Europa Records, Stirling
Wednesday, 30 July 2014
Where was I? This was an unusual sensation for me, very unusual. Aside from the Queen I was told I could read through parts of an English language bible that predates the King James Bible. I passed up on this for the Discovery of Witchcraft. The first few wild sentences of that book, published in the 17th century, more than made up for it.
Anyway, where was I? The Library at Innerpeffray, which was set up during the Enlightenment to lend books to the public. At the time, the most welcoming of staff informed us, literacy was at close to 75 percent of the Scottish population, with England at less than 50 percent (I am a little sketchy on this, so don't quote me in a dissertation or other academic journal). The Library is situated near a bend in a river, not far from the St Andrew's Golf Course, and was lending first editions to the public from 1680 to the mid-1960s.
I suggest you visit and see for yourself.
Also, on the travels today I bought the Brightonomicon (PDSA in Callander) and Renegade by Mark E Smith (British Heart Foundation Scotland). Renegade is the second book I own relating to the Fall, though this is about Mark E Smith himself (speaking for himself) rather than a collection of stories based on the stories in Fall songs. I was put on to Renegade by a former colleague who put me on to the best ever remix of a James song (Sabres of Paradise's Jam J, forty minutes of absolute dub heaven), so this book will be good.
Tuesday, 29 July 2014
We're in Scotland, for a holiday that took in the Commonwealth Games, the Hill House in Helensburgh, and Dundee. This is my first visit, and aside from an odd experience of contraflow in roadworks, it was enjoyable. There's lots to see though to be honest one of the best bits was turning in towards the car park to spot a sign for a record shop, Grouchos Records. It will be a good visit.
The shop is big, with lots of vinyl to flick through. I did a lot of flicking though thought I couldn't find what I was looking for, Tangerine Dream. So I asked, only to be shown a clearly marked section for the band. Oh well, customers can be idiots.
I liked Grouchos, there is a nice sense of care for music and the scene in the shop. There's lots of rarities and lots of decently priced normal records.
Also in Dundee: amongst the charity shops and other amusements of Dundee (you really must go to the Discovery Centre, go now, go early, go often), I purchased Doctor Who: The Silent Stars Go By from a Red Cross shop.
Dare, The Human League, Disco, Pet Shop Boys, Rubycon, Stratosfear, Tangerine Dream, Sunshine On Leith, The Proclaimers, Greatest Hits, Steely Dan, Professional Widow, Tori Amos, 20 Golden Greats, Diama Ross, Greatest Hits, The Rolling Stones
Groucho Record Store, Dundee
Thursday, 24 July 2014
Today I popped into Ok Comics. I shop there fairly regularly, they keep me stocked up in 2000ad, and I get collections and trade paperbacks from there. Jared and Oliver are really friendly and helpful; ask for a recommendation and they will suggest something you'll be glad to have read.
Anyway, I popped in today and saw Jared being interviewed outside the shop door. He was discussing how awesomely amazingly groovy (my words) it was to be nominated to the shortlist of twelve comic book retailers in the Will Eisner Spirit of Comics Retailer Award. Ok Comics is the only European retailer in the list for the award which is like the Oscars for comic book stores (Ok Comics words).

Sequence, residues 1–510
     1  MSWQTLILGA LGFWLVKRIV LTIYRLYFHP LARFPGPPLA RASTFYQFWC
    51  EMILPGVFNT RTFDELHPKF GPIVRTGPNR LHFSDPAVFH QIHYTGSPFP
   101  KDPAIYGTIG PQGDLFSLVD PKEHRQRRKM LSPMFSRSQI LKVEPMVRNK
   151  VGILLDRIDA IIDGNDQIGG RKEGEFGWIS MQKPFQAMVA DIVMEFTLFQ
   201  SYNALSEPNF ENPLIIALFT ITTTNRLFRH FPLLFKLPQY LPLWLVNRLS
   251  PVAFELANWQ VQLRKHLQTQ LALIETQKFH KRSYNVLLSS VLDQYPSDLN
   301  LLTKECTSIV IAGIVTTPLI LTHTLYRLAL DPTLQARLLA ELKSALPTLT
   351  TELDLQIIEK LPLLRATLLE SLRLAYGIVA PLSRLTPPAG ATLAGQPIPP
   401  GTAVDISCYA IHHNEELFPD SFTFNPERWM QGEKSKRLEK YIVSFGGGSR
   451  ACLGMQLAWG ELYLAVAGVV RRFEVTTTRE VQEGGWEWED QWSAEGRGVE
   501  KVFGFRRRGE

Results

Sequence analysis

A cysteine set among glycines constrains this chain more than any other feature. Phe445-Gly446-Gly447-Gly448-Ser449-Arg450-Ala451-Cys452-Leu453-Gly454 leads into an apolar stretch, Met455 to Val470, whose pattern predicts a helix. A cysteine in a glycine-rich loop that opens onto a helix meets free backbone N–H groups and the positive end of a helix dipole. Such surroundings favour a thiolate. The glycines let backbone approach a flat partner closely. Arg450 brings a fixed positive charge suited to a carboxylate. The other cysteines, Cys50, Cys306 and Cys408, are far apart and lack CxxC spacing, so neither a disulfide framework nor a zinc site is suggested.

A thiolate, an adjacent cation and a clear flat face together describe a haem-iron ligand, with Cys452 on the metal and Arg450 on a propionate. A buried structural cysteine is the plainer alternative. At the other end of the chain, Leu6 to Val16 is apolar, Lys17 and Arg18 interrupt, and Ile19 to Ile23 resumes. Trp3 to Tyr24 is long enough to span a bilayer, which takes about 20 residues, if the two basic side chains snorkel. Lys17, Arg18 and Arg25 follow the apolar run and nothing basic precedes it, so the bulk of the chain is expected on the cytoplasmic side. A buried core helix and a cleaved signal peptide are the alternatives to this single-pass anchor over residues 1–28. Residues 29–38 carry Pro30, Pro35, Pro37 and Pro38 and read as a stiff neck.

The prize is announced on Friday night, I can't imagine what the atmosphere will be like if Ok Comics won. Probably the same as New 52 launch night with Free Comic Book Day times by ten, and then some more.
Aside from the recommendations and the events, Ok operate a free graphic novel library and one of the best loyalty schemes ever. Visit, say hello, enjoy a truly independent shopping experience in Leeds: I am willing to say that more than 80% of non-sequential art readers will find something they will enjoy reading.
The other big publishing award news this week was the release of a longlist. It seemed to include a book that seemingly has only been released this week too, so either it is very good or very heavily promoted. I won't name names.
All I will do is highlight how wonderful the Green Carnation Prize is. If you ever get the chance to listen to Simon Savidge talk about books take it: it was one of thee best book events I've ever been to.
Postscript. If by popping into Ok Comics my colourful shirt should appear in the background to any video content then the only thing I will say is this: I am fighting a war against the white shirt-wearing office workers of Leeds. In the words of Los Campesinos! it is a war I will surely lose.
Sunday, 6 July 2014
Secondhand books and records sell well on the internet, and the possibilities of finding that elusive record or book increase once one goes online. Out of print Brautigan? Why yes, those collected editions of the novels are online waiting for your card details. James’s One Man Clapping record which will not be reissued according to the band? It is there, on CD or vinyl, and tape if you want to go that far*. The internet connects people, sometimes the people charge a little too much or expect a low price automatically, and if one wanted to they could amass a library of word and sound from the comfort of their arm chair.
Over the Grand Depart weekend in Yorkshire we found ourselves the other side of the Pennines with only a trip down and around Manchester to get home. Sharston Books is in Manchester and we’ve been meaning to go for years. They sell online and have books upon books upon books in a warehouse and shipping containers, so it seemed there would be a lot of choice. Sharston Books is based on an industrial estate just off the M60, near Manchester Airport (I think, the only reason I have for this is passing the rather dated looking Airport Hotel near the junction for said motorway), and easy to find. It is a warehouse and there are shipping containers, though everything is relatively well organised. To me it gave off the impression of being a store for their online operation that one was able to look around – this is no big thing though.